State officials honored for innovation in government technology

State government officials from Hawaii, Alabama and Michigan will receive the first-ever State Technology Innovator Award as voted on by members and non-members of the National Association of State Chief Information Officers. Both elected and non-elected officials were honored for their contributions to their states’ technology policy agenda, the trade group said yesterday.

The Vice President of Geospatial Technologies at the U.S. Space and Rocket Center in Alabama will be one of three inaugural recipients of the State Technology Innovator Award. Chris Johnson developed and led the implementation for Virtual Alabama, which provides situational awareness to first responders, environmental and transportation officials, military staff and others. Virtual Alabama uses Google Enterprise Earth to allow more than 6,500 government officials in every Alabama County, encompassing 1,450 various agencies, to do their jobs more effectively and efficiently. A DHS-led program called Virtual USA has since been created by Secretary Janet Napolitano.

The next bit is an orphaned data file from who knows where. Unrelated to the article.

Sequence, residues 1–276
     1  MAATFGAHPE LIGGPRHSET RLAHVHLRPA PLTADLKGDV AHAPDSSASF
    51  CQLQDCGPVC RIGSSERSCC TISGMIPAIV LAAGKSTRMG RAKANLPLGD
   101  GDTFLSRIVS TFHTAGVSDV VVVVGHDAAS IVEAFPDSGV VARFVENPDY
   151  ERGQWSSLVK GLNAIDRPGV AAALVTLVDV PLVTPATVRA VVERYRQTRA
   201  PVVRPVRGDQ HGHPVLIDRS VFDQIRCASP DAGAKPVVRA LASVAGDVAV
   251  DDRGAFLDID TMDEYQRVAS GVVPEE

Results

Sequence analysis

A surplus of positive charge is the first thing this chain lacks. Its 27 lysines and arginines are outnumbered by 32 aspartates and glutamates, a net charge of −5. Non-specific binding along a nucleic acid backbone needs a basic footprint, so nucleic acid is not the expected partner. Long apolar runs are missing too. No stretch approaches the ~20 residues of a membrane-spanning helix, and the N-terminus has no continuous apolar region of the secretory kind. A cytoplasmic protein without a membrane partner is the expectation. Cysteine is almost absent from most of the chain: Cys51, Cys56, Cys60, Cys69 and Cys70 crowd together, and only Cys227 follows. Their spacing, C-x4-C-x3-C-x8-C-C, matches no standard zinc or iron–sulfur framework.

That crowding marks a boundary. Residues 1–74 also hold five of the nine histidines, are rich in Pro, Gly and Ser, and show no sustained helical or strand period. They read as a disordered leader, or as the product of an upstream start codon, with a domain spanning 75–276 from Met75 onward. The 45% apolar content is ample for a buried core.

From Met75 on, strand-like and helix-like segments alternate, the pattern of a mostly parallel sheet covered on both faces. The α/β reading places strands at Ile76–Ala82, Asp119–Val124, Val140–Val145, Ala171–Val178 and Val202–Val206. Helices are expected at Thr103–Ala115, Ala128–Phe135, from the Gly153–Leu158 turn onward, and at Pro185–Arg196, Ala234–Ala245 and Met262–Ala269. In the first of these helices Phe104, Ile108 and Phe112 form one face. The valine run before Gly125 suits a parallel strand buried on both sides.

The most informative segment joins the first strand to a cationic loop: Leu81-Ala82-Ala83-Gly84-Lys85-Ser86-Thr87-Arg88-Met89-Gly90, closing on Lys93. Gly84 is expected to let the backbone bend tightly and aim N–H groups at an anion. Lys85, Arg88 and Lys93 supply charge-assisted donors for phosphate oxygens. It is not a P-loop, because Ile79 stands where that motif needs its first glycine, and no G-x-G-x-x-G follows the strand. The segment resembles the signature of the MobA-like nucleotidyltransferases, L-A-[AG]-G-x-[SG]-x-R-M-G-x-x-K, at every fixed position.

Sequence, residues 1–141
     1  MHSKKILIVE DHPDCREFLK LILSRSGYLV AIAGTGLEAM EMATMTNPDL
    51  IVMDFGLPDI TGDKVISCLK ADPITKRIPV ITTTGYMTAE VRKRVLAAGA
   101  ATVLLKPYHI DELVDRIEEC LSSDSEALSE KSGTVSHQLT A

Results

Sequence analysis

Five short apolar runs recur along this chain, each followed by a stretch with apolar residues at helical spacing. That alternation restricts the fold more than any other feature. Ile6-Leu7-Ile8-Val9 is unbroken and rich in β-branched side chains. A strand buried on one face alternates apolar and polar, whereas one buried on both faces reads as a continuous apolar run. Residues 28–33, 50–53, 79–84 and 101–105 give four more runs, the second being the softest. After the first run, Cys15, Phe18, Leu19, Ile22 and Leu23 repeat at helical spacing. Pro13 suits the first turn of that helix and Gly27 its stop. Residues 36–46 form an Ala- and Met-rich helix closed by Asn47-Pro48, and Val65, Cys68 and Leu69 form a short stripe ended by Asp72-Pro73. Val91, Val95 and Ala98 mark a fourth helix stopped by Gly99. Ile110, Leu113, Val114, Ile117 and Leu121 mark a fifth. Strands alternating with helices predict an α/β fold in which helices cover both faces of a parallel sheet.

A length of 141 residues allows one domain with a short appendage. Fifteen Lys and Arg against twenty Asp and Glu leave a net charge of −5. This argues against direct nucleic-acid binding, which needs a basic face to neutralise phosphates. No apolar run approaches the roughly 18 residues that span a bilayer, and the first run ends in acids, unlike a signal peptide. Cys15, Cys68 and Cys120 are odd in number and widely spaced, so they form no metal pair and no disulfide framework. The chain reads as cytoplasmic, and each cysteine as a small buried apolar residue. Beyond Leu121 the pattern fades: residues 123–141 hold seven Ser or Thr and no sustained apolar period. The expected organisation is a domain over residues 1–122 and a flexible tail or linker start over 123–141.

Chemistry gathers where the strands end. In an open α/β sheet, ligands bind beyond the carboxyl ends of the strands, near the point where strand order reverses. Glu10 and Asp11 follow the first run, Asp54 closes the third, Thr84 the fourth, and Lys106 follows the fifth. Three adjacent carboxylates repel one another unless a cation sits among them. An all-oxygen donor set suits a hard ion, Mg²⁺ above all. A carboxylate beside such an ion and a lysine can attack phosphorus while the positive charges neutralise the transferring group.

Michigan’s Director of the Center for Shared Solutions and Technology Partnerships, Eric Swanson, will also be honored during a ceremony at the NASCIO annual conference later this month. Mr. Swanson played a critical role in establishing an enterprise-level information management approach, coordinating and consolidating business intelligence, data transport, query reporting and related tools as well as addressing quality assurance.

“Eric Swanson is an innovator who is helping us leverage technology to make state services less costly and easier for people to access,” Michigan Governor Jennifer Granholm said of Swanson in support of his nomination.

Lastly, Senator David Ige, of the Hawaii State Senate, will be honored for his 25 years of service promoting IT solutions and for advancing the Senate’s paperless system.